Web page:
Cafe Reviewed: Wednesday, July 25, 2007
Dutch’s offers an array of signature burgers, including this bacon-blue cheese delight.
Texana burger $6.50
Tuna melt $7.25
Frito pie $5.25
Dive In

What Dutch’s lacks in college vibe, it makes up for in sturdy American fare.


3009 S University Dr, FW. 817-927-5522. Mon-Sat 11am-10pm. Closed Sun. All major credit cards accepted.

A spirit hangs over Dutch’s, a new burgers-and-beer café in a little vintage strip across from the TCU campus and sandwiched between two beloved ghosts: the TCU bookstore and the theater that housed everything from ’70s-era Euro-art films to productions by Stage West.
The spirit in question is Leo “Dutch” Meyer, a TCU grad and a Horned Frog football coach of such skill and empathy that people — including Dutch’s co-owners Louis Lambert (also a Frog) and Grady Spears — still remember his tenure some 40 years later. Lambert and Spears, celebrated chefs who’ve slung from numerous kitchens here and elsewhere, met at Reata.
Using a beloved local icon as a marketing tool is a dicey proposition. Most students may not even know or care to whom a restaurant’s name refers, and most of them also like discovering and cultivating their own dives. When you wander into Dutch’s, you’ll find a mostly bare, pale, nondeDELETE environment, save for a corner-screen tv, big taps, and a polished wood table that runs across the storefront windows, affording customers a view of, well, the corner of the TCU campus and another small retail strip across the street. To reference Hemingway, Dutch’s is the picture of a clean, well-lighted place.
The atmosphere probably won’t be the reason folks will pile into the joint, but the small, standard, regularly updated menu just may. Full of burgers, dogs, melts, and other comfort foods — including grilled cheese sandwiches and Frito pies — it satisfies.
For the most part. There are several signature burgers, and the one we tried on a recent visit was kind of a bust. The Texana was a thin all-beef patty topped by a melted wedge of thick cheddar, shredded lettuce, and sliced pickles, and finished with ranch dressing and a couple of avocado slices. The dressing tasted like bottled commercial stuff, and, along with the avocado and the cheddar, it was too much creamy smoothness to handle.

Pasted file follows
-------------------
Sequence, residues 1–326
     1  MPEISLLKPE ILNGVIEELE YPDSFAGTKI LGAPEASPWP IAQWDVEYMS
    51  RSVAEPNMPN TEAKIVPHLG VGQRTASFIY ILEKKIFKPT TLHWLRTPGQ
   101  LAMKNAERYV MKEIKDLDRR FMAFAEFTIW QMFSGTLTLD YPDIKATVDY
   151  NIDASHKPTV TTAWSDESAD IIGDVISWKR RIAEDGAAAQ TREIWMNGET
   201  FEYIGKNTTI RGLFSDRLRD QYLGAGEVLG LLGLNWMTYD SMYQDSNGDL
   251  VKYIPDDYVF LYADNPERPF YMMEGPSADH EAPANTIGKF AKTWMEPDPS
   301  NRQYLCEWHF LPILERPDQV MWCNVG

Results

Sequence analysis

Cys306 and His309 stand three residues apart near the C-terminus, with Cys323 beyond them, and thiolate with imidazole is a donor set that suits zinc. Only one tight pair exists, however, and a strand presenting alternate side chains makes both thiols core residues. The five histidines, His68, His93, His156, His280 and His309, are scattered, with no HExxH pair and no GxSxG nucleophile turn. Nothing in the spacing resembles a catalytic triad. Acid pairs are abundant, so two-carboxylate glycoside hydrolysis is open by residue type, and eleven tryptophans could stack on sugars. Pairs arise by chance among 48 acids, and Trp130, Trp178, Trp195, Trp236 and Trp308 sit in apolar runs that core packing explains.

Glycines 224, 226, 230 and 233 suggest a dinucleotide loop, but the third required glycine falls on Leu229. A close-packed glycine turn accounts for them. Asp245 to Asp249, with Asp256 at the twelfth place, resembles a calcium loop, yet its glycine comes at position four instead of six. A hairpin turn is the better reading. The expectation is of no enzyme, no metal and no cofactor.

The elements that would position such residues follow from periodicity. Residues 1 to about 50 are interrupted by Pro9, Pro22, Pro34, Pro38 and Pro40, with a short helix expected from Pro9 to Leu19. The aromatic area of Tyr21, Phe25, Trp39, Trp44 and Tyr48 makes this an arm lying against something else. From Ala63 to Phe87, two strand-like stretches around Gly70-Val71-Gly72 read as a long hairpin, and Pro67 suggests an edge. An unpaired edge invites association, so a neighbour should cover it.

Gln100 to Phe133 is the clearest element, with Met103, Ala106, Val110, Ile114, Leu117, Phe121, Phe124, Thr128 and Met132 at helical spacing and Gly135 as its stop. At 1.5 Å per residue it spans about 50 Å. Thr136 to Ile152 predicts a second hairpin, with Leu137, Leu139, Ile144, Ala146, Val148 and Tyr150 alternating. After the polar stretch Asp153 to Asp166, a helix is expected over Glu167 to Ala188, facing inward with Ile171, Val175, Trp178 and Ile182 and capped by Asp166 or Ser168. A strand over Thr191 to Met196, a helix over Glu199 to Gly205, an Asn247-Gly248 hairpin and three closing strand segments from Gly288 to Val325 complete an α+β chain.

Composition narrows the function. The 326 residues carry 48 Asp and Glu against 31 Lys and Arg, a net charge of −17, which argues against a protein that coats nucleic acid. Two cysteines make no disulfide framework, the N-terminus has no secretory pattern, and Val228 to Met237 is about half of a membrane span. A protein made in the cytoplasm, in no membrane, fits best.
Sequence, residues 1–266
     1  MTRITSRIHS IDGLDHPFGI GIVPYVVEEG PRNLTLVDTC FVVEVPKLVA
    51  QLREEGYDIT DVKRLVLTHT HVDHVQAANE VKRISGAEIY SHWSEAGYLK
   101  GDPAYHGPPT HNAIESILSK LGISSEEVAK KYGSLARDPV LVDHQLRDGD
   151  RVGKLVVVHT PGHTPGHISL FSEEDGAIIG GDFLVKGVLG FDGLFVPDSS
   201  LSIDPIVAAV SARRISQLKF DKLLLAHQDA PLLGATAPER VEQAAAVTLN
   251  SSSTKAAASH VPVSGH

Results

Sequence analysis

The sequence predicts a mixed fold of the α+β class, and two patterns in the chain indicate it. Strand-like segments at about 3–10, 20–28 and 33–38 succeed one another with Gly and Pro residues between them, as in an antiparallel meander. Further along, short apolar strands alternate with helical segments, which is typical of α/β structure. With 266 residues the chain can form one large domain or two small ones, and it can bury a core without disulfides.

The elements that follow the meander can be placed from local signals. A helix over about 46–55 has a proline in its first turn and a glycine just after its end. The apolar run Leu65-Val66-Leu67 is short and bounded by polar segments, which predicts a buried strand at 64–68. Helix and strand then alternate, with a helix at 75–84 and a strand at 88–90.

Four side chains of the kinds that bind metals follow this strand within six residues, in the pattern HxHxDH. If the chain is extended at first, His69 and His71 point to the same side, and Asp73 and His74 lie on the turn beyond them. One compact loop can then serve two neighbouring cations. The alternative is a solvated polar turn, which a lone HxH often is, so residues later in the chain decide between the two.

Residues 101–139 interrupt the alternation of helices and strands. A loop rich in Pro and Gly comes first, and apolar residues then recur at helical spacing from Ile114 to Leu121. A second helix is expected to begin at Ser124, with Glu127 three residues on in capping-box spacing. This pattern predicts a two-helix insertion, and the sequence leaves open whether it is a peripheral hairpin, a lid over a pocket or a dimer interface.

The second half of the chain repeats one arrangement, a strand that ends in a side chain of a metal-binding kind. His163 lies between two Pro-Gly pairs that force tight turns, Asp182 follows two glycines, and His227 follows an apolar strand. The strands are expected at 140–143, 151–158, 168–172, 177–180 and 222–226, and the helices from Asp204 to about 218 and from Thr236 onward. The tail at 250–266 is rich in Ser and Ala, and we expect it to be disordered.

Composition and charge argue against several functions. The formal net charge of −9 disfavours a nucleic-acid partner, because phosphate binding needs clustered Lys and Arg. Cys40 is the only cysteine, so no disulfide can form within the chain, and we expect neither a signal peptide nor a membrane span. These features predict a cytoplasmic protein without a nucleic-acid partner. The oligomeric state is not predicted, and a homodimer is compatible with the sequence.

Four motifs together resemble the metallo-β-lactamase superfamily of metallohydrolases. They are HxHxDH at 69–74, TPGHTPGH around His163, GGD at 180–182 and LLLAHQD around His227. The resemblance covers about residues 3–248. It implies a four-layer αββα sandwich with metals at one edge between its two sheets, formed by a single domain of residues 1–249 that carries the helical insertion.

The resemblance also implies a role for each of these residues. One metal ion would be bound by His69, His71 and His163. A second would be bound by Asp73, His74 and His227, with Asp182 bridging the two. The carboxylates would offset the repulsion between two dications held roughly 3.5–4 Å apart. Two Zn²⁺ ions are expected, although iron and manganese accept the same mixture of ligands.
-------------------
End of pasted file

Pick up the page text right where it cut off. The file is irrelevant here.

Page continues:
The Frito pie, however, was trailer-park heaven on a plate: big, deep corn chips drenched in semi-spicy thick beef chili, melted cheddar, chunks of tomato and onion, and, on top, small squares of soft, mouth-watering white cheese. This is a Frito-pie-as-monster-nachos dish.
The tuna melt was also stellar. It looked a bit like eggs Benedict, arriving as two semi-sweet white buns, each covered in a shell of melted cheddar and Swiss. Beneath the cheese were tomato slices cooked to juicy pulpiness and fat shards of delectable and filling albacore tuna.
The onion rings were also something to squawk about. A bite into the unusually thick and crunchy breading sent tiny explosions of black peppercorn and mild jalapeño into your mouth.
The only thing that may keep Dutch’s from being a true college destination is its — gasp! — kid-friendly vibe. Maybe we’re being presumptuous, but most students of higher learning like cramped, shadowy, and off-the-beaten-path places. They like to lurk and brood and talk about adult stuff, which isn’t kosher with little ones around. (Some students also like to study, which is pretty much impossible in the company of children.) In Dutch’s defense, the royal appellation “friendly college dive” takes years to achieve, and the place has just opened.

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